s Trump has already authored his own tell-all

Trump is damaged most, not by sabotage, but by self-revelation.

.. The president has recently taunted FBI Deputy Director Andrew McCabe for “racing the clock to retire with full benefits,”

  1. attacked the “Deep State Justice Department,” taken credit for the lack of commercial airline crashes,
  2. urged“Jail!” for former Hillary Clinton aide Huma Abedin, called for the sacking of two journalists,
  3. claimed the news media will eventually “let me win” reelection to keep up their ratings,
  4. displayed a sputtering inability to describe his own health-care reform plan,
  5. claimed that a cold snap disproves global warming,
  6. boasted of having “a much bigger & more powerful” nuclear button than Kim Jong Un,
  7. tried to prevent the publication of Wolff’s book,
  8. and insisted he is “like, really smart” and “a very stable genius.”

.. More likely, Trump is exhibiting a set of compulsions and delusions that have characterized his entire adult life. You can’t have declining judgment that never existed. You can’t lose a grasp on reality you never possessed. What is most striking is not Trump’s disintegration but his utter consistency.

.. If the secret tape of a president threatening a private citizen with jail were leaked, it would be a scandal. With Trump, it is just part of his shtick.

.. The president’s defenders, in perpetual pursuit of the bright side, argue for the value of unpredictability in political leadership — which is true enough. But Trump is not unpredictable. He is predictable in ways that make him vulnerable to exploitation.

He is easy to flatter, easy to provoke and thus easy to manipulate.

.. The Chinese have made an art of this

.. “I like very much President Xi,” Trump has said. “He treated me better than anybody’s ever been treated in the history of China.” Contrast this with Germany’s Chancellor Angela Merkel, who has treated Trump like an adult with arguments and criticism. Big mistake.

.. Trump has revealed a thick streak of authoritarianism. “I have [an] absolute right to do what I want to do with the Justice Department,” he insists.

  • .. “Libel laws are very weak in this country,”
  • Rivals are not only to be defeated; they should be imprisoned.
  • Critics are not to be refuted; they should be fired.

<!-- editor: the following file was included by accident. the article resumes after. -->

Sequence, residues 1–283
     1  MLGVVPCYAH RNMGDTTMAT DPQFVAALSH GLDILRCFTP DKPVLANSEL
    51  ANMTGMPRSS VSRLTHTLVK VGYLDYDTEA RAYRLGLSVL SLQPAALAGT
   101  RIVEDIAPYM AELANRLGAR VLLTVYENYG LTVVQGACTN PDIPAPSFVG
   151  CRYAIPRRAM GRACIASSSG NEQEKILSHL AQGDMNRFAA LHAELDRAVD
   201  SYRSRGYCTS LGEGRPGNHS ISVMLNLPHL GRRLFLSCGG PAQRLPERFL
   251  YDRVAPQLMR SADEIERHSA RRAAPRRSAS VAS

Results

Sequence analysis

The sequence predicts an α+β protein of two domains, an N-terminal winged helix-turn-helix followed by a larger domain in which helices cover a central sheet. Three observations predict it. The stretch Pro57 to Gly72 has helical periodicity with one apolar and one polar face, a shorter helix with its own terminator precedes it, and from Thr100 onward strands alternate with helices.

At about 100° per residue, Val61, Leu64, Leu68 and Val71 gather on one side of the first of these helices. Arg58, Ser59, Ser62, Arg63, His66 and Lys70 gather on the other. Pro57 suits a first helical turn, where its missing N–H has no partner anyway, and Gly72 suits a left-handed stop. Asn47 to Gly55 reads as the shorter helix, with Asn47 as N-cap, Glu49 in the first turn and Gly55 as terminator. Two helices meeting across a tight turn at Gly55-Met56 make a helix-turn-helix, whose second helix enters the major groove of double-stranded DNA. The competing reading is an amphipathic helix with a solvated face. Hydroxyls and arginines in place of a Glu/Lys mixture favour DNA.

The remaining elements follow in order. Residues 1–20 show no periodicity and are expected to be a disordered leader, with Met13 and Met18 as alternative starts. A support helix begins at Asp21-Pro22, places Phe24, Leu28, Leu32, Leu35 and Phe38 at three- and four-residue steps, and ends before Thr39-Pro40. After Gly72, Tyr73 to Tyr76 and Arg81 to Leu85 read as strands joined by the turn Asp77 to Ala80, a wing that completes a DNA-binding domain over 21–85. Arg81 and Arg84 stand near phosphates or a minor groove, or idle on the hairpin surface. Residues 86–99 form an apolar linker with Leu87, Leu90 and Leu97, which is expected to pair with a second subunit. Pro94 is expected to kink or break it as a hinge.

• Investigations are not to be answered; they should be shut down.

.. we are depending on the strength of those institutions, not the self-restraint of the president, to safeguard democracy.

.. At the beginning, they could engage in wishful thinking about Trump’s fitness. Now they must know he is not emotionally equipped to be president. Yet, they also know this can’t be admitted, lest they be accused of letting down their partisan team.

.. GOP leaders are engaged in an intentional deception, pretending the president is a normal and capable leader.

.. they will, eventually, be exposed. And by then, the country may not be in a forgiving mood.

 

Donald Trump and the Rule of Law

It all stems from President Trump’s contempt for the rule of law.

.. in a quasi-normal political environment, would have led to an impeachment investigation.

.. Richard Nixon earned eternal disgrace for keeping a list of his political enemies, but he, at least, was ashamed enough of the practice to know that he had to keep it secret. Trump, in contrast, is openly calling for the Department of Justice, which he controls, to put his political opponents in jail.

This kind of behavior is a trademark of the authoritarians he admires, like Vladimir Putin and Recep Tayyip Erdoğan.

.. Trump sent Donald F. McGahn II, the White House counsel, to urge Jeff Sessions, the Attorney General, not to recuse himself from supervising the investigation. Trump did so because he felt that Sessions should be protecting him. “Where’s my Roy Cohn?”

.. Trump asked for loyalty from James Comey, the F.B.I. director, who was supervising the investigation. When Comey equivocated, Trump fired him, then put out a false story for why he did so